The veteran coach wants to assure the people of the host nation, though, that nerves are nothing to be worried about.
''It's normal to feel uncomfortable and anxious ahead of this first elimination game,'' Scolari said Friday, on the eve of Brazil's second-round match against Chile. ''We are a bit more scared and nervous.
''It's normal in any competition, not only because this one is in Brazil. We know we can't make mistakes, we can't lose.''
A win over Chile at the Mineirao Stadium will keep Brazil on track for its sixth World Cup title, while a loss would be considered a massive failure in a country which has invested billions to stage the tournament.
Scolari said there's a chance that Chile plays better than Brazil and eliminates the hosts, which shouldn't be considered the end of the world if it happens.
''We have been doing our job with a lot of dedication, but we have to understand that if they are better than we are in the game and they win, we can't lower our heads, end our lives and throw ourselves into a well,'' he said.
Brazil has reached the quarterfinals of the World Cup every time since 1994. Its last elimination in the second round was against Argentina in 1990.
The Brazilians haven't lost to Chile since a World Cup qualifier in 2000, and have never lost a head-to-head with the Chileans on home soil. Since 2000, Brazil has won 10 of 12 matches against the Chileans. The teams have met three times in World Cups, with Brazil winning 4-2 in the semifinals of the 1962 tournament in Chile, then 4-1 in the second round in 1998 and 3-0 at the same stage in 2010.
''Statistics don't mean anything to us,'' Brazil captain Thiago Silva said. ''We have to remember that in the other side there is a team with the same dreams that we do. So if we can't advance, life must go on.''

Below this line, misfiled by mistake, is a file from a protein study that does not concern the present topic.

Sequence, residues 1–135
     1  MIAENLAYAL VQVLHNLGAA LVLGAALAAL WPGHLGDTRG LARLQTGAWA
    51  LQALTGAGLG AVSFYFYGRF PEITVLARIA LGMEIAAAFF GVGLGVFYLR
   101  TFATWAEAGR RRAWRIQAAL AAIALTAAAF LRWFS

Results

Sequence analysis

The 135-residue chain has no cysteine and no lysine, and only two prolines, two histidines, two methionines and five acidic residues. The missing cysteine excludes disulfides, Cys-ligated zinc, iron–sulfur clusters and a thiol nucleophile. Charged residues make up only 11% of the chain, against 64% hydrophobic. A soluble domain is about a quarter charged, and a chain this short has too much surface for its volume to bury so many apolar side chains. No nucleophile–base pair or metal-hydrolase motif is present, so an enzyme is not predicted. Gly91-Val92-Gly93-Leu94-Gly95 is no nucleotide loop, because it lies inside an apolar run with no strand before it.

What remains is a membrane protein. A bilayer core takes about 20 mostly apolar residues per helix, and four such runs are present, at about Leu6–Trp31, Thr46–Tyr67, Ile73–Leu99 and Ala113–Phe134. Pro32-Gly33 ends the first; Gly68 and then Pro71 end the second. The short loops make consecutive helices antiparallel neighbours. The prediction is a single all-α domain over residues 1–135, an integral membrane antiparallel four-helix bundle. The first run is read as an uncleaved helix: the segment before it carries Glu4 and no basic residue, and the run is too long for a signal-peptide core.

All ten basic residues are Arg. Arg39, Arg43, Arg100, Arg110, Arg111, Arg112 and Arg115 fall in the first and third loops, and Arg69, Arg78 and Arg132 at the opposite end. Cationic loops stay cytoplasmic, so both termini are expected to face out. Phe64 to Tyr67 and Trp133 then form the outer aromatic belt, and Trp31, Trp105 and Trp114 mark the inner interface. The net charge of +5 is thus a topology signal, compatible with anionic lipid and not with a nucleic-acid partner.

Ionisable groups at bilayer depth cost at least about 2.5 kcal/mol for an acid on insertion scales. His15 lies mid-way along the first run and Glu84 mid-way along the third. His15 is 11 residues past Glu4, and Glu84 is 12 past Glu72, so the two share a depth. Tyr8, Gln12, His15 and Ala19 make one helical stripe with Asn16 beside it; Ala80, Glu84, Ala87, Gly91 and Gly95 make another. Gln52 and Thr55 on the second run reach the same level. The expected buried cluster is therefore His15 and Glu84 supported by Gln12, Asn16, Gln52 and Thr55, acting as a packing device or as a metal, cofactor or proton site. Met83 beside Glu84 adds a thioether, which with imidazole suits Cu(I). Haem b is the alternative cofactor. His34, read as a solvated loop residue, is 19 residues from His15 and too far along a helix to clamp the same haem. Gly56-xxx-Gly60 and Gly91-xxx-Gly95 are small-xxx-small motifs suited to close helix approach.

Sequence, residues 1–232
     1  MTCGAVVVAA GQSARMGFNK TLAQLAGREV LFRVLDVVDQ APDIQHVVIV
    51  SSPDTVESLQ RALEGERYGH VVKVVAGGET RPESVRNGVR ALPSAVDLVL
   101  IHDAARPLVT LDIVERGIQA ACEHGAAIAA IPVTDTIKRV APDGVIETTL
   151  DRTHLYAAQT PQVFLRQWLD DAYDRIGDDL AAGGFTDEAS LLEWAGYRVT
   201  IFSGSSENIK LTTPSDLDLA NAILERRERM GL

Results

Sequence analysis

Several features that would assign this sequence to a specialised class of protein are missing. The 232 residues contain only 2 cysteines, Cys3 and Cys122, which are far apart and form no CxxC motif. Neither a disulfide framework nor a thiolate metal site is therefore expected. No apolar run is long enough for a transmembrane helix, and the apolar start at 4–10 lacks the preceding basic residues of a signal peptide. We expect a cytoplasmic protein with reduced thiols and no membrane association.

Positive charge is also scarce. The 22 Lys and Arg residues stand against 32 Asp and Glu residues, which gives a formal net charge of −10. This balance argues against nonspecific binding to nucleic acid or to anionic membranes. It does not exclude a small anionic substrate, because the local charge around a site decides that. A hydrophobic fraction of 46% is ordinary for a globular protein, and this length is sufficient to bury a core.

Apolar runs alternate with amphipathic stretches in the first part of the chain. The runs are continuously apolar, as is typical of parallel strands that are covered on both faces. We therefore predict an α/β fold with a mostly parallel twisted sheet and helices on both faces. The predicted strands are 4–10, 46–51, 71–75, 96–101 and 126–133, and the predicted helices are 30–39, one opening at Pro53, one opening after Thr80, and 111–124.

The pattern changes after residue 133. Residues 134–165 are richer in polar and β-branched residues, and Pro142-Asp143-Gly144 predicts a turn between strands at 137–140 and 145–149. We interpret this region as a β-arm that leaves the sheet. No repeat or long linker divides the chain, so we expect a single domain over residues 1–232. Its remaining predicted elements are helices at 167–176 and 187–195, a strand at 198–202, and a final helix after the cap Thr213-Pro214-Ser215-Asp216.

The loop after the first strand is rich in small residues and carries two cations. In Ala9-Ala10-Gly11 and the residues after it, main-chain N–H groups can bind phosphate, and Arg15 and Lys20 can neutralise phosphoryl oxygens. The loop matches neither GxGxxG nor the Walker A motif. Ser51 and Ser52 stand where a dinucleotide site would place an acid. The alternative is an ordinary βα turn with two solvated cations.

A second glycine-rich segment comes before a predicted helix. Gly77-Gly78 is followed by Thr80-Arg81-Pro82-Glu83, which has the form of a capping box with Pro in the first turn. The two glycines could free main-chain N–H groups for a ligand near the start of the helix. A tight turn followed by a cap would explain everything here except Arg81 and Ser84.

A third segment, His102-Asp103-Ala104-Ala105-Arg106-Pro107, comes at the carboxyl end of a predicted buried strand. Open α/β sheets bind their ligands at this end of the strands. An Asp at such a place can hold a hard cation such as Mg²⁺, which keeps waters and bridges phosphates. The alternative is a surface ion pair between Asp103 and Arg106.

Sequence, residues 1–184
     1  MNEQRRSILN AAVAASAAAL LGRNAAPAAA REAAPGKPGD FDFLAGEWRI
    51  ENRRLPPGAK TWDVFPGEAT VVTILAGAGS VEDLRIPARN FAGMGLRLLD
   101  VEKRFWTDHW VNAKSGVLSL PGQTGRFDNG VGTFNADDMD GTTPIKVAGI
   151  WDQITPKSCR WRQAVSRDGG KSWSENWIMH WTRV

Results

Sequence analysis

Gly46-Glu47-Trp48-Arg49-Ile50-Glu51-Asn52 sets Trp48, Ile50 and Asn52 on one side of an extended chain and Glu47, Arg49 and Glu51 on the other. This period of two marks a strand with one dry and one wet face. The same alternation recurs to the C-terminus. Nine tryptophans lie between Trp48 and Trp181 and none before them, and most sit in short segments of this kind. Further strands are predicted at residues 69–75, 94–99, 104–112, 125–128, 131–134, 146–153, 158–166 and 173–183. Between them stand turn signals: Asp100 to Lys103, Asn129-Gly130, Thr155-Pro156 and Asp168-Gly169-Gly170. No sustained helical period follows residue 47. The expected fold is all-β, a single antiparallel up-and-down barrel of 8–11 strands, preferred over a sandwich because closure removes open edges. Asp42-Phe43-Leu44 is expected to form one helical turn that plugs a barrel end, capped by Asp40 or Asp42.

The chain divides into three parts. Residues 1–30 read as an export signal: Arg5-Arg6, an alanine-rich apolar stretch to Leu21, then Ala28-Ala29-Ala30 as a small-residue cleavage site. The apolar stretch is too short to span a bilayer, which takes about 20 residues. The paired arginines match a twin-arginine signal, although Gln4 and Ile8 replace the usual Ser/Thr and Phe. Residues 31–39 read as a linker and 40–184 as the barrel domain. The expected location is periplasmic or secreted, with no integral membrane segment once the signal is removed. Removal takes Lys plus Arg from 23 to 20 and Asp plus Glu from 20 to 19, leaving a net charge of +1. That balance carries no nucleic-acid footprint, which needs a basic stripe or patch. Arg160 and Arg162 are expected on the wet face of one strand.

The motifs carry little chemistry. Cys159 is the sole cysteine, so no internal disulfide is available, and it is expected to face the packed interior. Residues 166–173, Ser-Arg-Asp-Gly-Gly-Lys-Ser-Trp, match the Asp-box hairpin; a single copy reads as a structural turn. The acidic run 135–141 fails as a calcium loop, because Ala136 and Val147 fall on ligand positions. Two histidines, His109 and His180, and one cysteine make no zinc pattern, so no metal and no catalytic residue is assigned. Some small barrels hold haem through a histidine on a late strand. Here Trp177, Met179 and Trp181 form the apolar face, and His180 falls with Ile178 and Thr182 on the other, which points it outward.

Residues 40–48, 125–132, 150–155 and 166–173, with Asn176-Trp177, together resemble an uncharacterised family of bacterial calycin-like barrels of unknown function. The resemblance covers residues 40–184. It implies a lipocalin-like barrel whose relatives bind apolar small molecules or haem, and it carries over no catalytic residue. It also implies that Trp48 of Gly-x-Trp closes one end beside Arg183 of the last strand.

Scolari hinted that he will change the team's midfield for the match, replacing defensive midfielder Paulinho with Fernandinho, who played well as a second-half substitute in the 4-1 win against Cameroon. The Manchester City player, a late addition to the World Cup squad, scored a goal and helped set up another.
It remained unclear if defender David Luiz would be fit to play after leaving Thursday's practice because of a back problem. The Brazilian federation said he participated in part of the team's training session on Friday, and an MRI scan didn't show any serious injury. The federation said he would remain undergoing treatment until shortly before the match.
Brazil has four players going into Saturday's match with a yellow card, including Silva, striker Neymar and defensive midfielder Luiz Gustavo. Another yellow against Chile will sideline them from the quarterfinals if Brazil advances.